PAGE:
Fearful cucumbers and planting in human ashes - Henry VIII's gardening tips
As the king of England, Henry VIII would have had no shortage of advisers and confidants during his 37-year reign.
But it seems the notorious monarch was in receipt of some distinctly ropey green-fingered advice.
Bizarre horticultural tips are contained in the world's first gardening manual, written more than 700 years ago and acquired by Henry around 1543.
Among the medieval text's gems are suggestions that squashes will bear fruit after nine days if they are planted in human ashes and watered with oil, and that cucumbers shake with fear at the sound of thunder.
And if you want to grow tasty greens, planting a radish, lettuce seed, nasturtium and colewort inside a ball of goat manure is suggested as the best way to achieve success.
The well-thumbed text also contains questionable tips on how to grow giant leeks, produce different-coloured figs on the same tree and transform basil into mint.
The book is among more than 75 items from the Royal Collection going on show at a new exhibition in Edinburgh on the garden in art.
Written in Latin between 1304 and 1309 by Petrus de Crescentis, a wealthy lawyer from Bologna in Italy, Ruralia Commoda was the only publication of its kind during Henry VIII's reign.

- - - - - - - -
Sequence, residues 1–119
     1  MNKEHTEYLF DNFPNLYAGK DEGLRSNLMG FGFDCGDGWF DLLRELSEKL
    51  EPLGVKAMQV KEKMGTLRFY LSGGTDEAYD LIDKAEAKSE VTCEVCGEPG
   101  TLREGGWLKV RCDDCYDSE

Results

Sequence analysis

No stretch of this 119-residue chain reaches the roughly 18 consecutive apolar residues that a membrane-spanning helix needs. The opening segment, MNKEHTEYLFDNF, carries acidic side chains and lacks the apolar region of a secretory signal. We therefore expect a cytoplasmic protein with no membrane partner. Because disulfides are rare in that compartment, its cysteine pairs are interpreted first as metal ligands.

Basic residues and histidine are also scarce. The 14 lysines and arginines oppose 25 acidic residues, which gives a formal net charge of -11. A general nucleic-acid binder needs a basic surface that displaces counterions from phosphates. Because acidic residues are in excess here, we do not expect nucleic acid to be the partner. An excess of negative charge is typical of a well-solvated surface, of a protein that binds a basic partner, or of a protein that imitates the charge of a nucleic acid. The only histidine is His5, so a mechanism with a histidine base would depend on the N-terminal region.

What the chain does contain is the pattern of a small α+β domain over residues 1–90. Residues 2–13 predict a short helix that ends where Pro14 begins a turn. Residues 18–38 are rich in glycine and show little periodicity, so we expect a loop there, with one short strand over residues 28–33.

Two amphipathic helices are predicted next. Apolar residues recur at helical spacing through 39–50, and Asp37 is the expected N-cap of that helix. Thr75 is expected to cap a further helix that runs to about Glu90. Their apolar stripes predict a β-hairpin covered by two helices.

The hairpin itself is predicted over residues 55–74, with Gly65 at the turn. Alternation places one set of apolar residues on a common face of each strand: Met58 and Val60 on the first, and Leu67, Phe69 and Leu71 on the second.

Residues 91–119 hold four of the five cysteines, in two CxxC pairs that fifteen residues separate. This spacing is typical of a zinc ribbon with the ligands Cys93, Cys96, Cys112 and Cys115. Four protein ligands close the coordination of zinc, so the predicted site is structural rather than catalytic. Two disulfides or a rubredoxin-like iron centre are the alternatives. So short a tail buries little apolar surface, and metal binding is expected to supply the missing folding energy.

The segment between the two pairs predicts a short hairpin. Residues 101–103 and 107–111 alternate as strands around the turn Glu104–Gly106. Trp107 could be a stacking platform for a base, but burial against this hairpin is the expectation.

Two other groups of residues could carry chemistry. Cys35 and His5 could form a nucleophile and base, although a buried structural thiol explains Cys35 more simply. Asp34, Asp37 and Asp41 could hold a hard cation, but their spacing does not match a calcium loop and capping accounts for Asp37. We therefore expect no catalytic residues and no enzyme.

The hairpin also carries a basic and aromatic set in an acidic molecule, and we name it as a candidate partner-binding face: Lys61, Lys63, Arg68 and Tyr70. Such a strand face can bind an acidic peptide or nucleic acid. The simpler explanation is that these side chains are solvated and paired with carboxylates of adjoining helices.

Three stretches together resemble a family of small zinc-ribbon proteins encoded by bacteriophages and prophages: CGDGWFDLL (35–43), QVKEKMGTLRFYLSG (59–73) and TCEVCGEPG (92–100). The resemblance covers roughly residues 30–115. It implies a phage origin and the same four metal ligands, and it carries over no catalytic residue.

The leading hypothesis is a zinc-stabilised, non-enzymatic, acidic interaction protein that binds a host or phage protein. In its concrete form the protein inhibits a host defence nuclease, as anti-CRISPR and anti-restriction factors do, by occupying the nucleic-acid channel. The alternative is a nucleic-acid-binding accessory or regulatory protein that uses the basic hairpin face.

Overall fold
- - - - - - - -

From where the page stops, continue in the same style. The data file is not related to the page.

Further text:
It entered the king's library upon the death of its previous owner Richard Rawson, the king's chaplain and adviser on his divorce from Catherine of Aragon.
As well as providing a wealth of gardening advice, the manual includes a section on how to create a royal garden and may have provided inspiration for Henry's lost garden at Whitehall Palace.
According to the book, the size of the garden and the perfection of the trees and plants within it were an expression of a king's status and wealth.
The author said a royal garden should occupy a plot of 20 acres or more, and the planting of fragrant herbs is recommended because they "not only delight by their odour , but... refresh the sight".
The royal garden should include walks and bowers "where the king and queen can meet with the barons and lords when it is not the rainy season", and should be surrounded by suitably high walls.
The new show at the Palace of Holyroodhouse also features works by masters such as Leonardo da Vinci and Rembrandt.
Among them is a pen and ink da Vinci drawing of the plant Job's tears, dating from around 1510, which shows the artist's desire to understand the structure and growth of plants.
Another highlight is a magnificent Sunflower Clock, produced in the 18th century by the Vincennes porcelain factory.
The clock is made up of delicate porcelain flowers that surround a dial made from brass shavings to imitate the centre of a sunflower, a symbol of the Sun King Louis XIV.
The exhibition, Painting Paradise: The Art Of The Garden, opens on Friday at the Queen's Gallery and runs until February 26.